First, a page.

Hygiene in general was a neglected area and directly led to untold deaths before the modern age. This only changed when the industrial revolution brought about new cheaper methods of producing soap, and with the importation of exotic, fragrant ingredients from Africa and Asia, such as palm and coconut oils, soap became more appealing and affordable.
People were beginning to develop a better understanding of the connection between hygiene and health, especially on the terrible battlefields of the period, where infection in hospitals and bad hygiene habits in the army camps led to more deaths than on the battlefields themselves. Armies soon adopted better rules of cleanliness, and having become accustomed to regular soap use, soldiers returning from war brought their new, clean habits home.
Then Along Came Bronner
Then, around the 1880s, the German Heilbronner family, who ran a successful soap making business, innovated and created the first liquid Castile soap, supplying public washrooms across Germany. Now regular people could mix and measure soap more precisely to easily create their own variations.
In the late 1920’s this type of Castile soap was brought over to the US were it slowly gained popularity, marketing itself correctly as a healthier alternative to synthetic soaps.
It is important to note that at its most basic, natural and synthetic soaps and detergents are roughly equally effective at cleaning, but most synthetic detergents are made at least in part from non-renewable and non-biodegradable petrochemicals, and include a chemical concoction of foaming agents, preservatives, and fragrances that can be toxic, especially with prolonged use. The health benefits, as written in the aforementioned article, of natural Castile soaps however far outweigh any synthetic ones and they are much gentler on the skin.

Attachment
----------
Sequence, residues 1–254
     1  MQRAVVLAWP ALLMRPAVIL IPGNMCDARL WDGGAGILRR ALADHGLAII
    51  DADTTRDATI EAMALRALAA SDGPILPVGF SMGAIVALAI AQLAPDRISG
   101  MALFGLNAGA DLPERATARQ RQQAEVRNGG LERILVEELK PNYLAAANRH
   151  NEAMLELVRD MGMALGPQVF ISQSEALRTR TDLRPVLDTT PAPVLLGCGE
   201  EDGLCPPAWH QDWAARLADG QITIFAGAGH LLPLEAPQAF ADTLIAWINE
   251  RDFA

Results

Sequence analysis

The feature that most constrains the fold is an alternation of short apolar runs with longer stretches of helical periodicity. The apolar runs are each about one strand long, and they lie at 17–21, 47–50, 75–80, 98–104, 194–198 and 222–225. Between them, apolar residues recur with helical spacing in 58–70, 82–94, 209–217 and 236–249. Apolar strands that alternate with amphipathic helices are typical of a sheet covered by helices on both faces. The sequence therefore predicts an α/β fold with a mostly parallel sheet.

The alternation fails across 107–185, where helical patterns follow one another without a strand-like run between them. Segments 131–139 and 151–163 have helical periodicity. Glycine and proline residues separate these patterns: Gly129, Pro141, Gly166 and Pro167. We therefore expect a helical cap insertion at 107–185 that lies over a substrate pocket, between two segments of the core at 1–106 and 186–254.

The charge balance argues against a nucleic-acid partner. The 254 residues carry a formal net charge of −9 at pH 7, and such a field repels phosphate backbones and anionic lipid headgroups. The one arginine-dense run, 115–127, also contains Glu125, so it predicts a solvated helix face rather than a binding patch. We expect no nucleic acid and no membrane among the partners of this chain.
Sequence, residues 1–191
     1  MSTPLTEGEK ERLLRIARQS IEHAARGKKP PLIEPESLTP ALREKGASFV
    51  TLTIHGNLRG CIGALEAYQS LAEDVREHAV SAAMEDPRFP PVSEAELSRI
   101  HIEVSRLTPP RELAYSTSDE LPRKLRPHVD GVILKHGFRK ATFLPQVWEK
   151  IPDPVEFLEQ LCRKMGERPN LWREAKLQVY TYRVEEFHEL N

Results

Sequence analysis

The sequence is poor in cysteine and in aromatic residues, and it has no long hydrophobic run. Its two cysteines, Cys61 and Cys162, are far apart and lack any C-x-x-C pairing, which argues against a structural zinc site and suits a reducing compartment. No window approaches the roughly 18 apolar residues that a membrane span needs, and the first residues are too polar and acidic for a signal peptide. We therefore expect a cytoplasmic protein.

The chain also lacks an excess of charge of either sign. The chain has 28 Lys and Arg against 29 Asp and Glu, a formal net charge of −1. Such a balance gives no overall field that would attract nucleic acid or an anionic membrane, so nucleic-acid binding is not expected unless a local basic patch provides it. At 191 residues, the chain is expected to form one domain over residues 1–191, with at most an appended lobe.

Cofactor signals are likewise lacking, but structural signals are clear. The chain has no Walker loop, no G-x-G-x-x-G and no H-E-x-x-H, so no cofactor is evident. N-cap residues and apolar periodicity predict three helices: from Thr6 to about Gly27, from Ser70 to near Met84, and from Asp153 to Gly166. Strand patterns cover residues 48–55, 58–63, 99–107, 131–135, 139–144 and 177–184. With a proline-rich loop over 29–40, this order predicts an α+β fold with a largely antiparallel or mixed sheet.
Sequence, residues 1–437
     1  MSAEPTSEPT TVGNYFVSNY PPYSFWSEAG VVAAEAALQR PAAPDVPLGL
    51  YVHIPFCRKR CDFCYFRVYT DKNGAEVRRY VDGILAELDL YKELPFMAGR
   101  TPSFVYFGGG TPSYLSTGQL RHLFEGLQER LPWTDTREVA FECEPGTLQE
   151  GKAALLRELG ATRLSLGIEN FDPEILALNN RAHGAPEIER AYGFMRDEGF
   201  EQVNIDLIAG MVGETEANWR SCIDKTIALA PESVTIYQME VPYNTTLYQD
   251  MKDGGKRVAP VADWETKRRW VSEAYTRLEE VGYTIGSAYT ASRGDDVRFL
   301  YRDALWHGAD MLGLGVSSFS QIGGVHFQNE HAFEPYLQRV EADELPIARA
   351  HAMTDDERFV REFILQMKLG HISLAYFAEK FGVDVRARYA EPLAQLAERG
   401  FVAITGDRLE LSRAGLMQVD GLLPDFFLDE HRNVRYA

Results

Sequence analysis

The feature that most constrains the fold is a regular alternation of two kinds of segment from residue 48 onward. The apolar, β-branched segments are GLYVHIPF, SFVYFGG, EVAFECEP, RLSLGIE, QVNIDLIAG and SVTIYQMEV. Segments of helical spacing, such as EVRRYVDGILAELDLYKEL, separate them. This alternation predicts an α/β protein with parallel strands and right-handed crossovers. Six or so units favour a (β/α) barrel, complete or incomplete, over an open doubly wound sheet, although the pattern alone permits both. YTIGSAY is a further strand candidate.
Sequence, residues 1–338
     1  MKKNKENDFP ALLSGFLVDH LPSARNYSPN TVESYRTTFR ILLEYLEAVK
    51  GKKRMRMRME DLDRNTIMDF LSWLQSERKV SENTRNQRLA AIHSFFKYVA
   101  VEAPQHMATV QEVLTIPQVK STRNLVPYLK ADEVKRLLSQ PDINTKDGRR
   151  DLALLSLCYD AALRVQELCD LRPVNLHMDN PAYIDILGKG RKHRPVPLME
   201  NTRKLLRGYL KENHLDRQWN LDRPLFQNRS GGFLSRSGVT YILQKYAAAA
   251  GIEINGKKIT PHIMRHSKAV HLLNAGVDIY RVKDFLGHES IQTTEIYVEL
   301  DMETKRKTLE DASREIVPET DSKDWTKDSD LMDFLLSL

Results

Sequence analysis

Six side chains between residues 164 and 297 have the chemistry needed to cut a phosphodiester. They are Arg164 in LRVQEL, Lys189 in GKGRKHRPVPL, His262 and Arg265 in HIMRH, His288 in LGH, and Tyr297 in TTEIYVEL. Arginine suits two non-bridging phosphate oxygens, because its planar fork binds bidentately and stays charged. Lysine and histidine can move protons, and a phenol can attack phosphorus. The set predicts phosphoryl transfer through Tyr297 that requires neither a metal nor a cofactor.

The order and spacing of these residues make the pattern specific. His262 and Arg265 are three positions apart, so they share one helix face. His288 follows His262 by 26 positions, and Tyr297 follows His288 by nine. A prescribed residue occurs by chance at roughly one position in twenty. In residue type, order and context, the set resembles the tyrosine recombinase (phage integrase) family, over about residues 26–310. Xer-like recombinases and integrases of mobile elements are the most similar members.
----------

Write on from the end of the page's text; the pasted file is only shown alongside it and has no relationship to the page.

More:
In the past half century the term “Castile Soaps” have come to refer to any soap made specifically from the saponification of vegetable oils, which were found in abundance through the Spanish cities, and then to any vegetable oil based soap period. Since those early days of Castile soap production, methods of extracting and distilling Essential Oils from various plant and fruit sources have been perfected. Oils like lemongrass and Tea Tree can be added to enhance the properties and naturally fragrance the soap and also provide therapeutic qualities to the benefits of the extra virgin olive oil.
Olive Oil And Castile Soap
Modern pure Castile soap is still primarily olive-oil based, but it can also contain other plant oils, such as coconut, palm, soybean, hemp, and jojoba. It comes in both solid and liquid forms; the difference between the two is simply the chemical used to saponify, meaning “convert,” the vegetable oils into soap. The liquid soaps use potassium hydroxide whereas the solid soaps use sodium hydroxide, more commonly known as lye.
Many companies use the name Castile for its health benefit association on their products even though there is no olive oil at all in them, but true Castile soap contains 100% virgin olive oil exclusively as its main ingredient.
Even now, many centuries after it was originally created, Castile soap is one of the best natural and bio-degradable soaps available and people continue to discover new uses and applications for it. Maybe you’ll be one of those people.